North Carolina’s public schools find themselves in the middle of a fight between state lawmakers and the Obama administration over how to meet the needs of transgender students.
State legislation that went into law Wednesday bans public schools from allowing students to use communal bathrooms and locker rooms that don’t match the gender on their birth certificates. But the Obama Administration has said that Title IX, the federal law that bans discrimination on the basis of sex, requires schools to accommodate restroom and locker-room requests from transgender students.
Amid the competing demands, state and local education officials said Thursday they’re trying to determine what to do next.
“We’re in the process of reviewing the legislation to determine what might need to be changed,” said Lisa Luten, a spokeswoman for the Wake County school system, the largest in the state.
In the meantime, Luten said schools have not been told to change any decisions previously made that allow transgender students to use restrooms that don’t match the gender on their birth certificates.
Wake also allows some transgender students to use staff restrooms. That provision is allowed for under the new state law.
Some school systems took steps before the law was passed Wednesday.
Administrators in the Chapel Hill-Carrboro school system decided in December to convert a staff restroom in each middle school and high school to a single-stall, gender-neutral restroom for students, according to Jeff Nash, a district spokesman.
In the Durham Public Schools, principals were previously told to find another solution if transgender students asked for use of a restroom that didn’t match their biological sex, according to Chrissy Deal, a district spokeswoman.
It wasn’t as clear Thursday what some other districts might do. Spokeswoman Renee McCoy said the Charlotte-Mecklenburg school system is reviewing the bill and would have no further comment Thursday.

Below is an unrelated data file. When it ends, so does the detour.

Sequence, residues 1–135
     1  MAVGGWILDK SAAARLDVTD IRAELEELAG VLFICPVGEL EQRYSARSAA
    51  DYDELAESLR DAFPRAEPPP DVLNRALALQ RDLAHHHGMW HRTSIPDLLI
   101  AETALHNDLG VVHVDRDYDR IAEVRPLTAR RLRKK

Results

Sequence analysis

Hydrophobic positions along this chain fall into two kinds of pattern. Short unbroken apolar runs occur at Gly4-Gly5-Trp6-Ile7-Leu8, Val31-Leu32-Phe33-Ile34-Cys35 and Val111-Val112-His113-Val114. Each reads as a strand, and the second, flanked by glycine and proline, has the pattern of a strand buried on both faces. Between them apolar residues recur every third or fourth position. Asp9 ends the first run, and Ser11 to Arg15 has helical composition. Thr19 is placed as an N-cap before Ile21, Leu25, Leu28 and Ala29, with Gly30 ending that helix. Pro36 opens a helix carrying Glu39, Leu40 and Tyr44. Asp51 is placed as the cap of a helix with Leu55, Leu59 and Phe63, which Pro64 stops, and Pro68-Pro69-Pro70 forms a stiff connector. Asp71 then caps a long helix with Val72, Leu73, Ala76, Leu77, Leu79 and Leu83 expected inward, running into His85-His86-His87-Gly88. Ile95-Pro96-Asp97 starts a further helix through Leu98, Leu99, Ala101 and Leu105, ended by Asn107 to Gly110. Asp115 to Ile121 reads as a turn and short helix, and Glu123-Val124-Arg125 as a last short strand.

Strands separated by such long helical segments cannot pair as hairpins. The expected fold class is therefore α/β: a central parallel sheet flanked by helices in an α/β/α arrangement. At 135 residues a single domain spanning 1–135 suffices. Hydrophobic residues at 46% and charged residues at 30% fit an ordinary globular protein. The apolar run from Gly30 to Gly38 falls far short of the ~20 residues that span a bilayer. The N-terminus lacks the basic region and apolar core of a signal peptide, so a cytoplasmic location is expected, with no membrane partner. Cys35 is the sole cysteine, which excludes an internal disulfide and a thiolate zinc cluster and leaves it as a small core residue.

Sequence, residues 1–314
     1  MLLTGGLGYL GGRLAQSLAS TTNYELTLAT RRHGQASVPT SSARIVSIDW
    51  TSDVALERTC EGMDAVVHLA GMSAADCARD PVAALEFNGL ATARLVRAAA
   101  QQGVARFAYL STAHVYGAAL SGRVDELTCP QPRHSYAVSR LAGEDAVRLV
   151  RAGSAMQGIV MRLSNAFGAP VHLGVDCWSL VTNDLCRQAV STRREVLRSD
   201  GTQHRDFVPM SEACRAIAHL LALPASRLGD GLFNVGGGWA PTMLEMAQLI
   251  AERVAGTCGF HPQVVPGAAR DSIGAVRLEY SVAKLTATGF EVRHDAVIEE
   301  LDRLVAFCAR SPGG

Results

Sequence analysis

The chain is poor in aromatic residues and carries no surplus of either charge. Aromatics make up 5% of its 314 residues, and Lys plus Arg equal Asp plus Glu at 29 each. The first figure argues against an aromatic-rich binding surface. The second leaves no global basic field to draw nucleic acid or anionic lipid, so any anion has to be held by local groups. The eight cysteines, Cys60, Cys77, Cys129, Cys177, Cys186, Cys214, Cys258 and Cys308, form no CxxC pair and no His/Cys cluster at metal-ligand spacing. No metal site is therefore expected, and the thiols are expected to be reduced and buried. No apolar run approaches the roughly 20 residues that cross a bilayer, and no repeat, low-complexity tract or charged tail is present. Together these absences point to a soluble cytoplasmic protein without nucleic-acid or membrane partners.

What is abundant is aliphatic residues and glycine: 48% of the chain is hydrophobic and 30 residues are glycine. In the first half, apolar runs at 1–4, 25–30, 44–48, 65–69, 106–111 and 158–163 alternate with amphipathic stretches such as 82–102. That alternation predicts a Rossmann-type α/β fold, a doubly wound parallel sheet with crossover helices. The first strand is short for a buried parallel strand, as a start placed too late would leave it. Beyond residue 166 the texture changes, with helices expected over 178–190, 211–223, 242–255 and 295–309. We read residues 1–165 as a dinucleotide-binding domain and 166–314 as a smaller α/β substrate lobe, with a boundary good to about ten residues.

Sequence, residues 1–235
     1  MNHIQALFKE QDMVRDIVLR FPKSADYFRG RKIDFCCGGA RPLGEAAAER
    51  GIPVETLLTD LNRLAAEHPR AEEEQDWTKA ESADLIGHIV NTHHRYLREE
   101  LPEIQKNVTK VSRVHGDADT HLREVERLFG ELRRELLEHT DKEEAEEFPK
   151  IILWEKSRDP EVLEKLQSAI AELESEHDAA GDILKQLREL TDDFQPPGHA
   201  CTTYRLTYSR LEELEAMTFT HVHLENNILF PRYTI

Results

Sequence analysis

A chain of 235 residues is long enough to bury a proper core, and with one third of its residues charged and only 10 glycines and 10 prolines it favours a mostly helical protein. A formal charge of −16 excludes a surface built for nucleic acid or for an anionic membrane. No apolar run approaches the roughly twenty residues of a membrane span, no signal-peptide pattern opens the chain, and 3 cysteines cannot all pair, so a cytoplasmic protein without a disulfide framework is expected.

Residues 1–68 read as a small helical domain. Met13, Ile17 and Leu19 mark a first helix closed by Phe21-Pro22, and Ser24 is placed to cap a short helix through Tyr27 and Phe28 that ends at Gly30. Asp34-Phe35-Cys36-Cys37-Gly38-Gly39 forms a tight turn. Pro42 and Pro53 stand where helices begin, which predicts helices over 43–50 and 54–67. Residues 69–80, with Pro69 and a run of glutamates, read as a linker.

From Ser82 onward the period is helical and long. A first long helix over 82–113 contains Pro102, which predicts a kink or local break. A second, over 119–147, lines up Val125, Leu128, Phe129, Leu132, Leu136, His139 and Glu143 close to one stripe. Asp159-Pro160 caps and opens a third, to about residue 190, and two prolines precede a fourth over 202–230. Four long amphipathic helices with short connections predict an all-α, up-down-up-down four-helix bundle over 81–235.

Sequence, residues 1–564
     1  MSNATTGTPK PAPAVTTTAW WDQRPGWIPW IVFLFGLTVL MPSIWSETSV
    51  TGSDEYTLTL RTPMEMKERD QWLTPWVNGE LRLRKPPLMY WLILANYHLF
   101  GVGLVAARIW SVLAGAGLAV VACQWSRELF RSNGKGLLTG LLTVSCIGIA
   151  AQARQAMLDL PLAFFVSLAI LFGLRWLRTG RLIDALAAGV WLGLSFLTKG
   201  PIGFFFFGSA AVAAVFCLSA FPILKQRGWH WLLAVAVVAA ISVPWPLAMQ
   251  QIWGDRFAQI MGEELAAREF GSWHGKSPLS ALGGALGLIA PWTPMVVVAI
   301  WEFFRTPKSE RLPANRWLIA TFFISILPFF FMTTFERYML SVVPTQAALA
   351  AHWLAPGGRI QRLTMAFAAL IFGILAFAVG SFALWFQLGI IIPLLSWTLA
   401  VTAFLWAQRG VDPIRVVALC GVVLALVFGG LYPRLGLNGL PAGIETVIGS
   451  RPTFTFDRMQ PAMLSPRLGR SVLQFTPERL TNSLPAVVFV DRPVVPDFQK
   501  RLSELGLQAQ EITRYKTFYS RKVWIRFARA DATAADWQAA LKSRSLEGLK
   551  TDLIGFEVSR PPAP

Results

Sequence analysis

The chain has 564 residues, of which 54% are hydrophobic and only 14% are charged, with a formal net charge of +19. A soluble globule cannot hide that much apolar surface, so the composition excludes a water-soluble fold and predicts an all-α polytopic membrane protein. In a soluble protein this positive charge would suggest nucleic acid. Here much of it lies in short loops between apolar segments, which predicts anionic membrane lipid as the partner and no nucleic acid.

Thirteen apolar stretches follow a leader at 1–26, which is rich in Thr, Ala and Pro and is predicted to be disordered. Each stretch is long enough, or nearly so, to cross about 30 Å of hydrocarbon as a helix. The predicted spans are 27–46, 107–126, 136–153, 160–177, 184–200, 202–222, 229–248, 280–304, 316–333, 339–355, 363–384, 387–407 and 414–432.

Supporters of the bill said that it would protect students from being in restrooms and changing facilities with people who are of a different sex. But critics warned Thursday that the law could endanger transgender students.
“Transgender students now face the personal violence of being forced to use the wrong bathroom, and lesbian, gay, bisexual and transgender students are on notice that their elected officials have no interest in defending them against the discrimination they face daily,” Eliza Byard, executive director of the New York-based Gay, Lesbian and Straight Education Network (GLSEN), said in a statement Thursday.
During Wednesday’s debate, Democratic lawmakers and other critics of the bill said that passage of the law would endanger $4 billion in federal Title IX education funding for violating nondiscrimination requirements. Republican lawmakers downplayed the concern.
Federal officials said Thursday they’re monitoring what’s happening in North Carolina.
“The Department is committed to protecting the rights of transgender students under Title IX, and will continue to work diligently to ensure that all students receive equal access to educational opportunities in accordance with federal law,” Dorie Nolt, a spokeswoman for the U.S. Department of Education, said in a statement Thursday.
Charlotte Observer reporter Ann Doss Helms contributed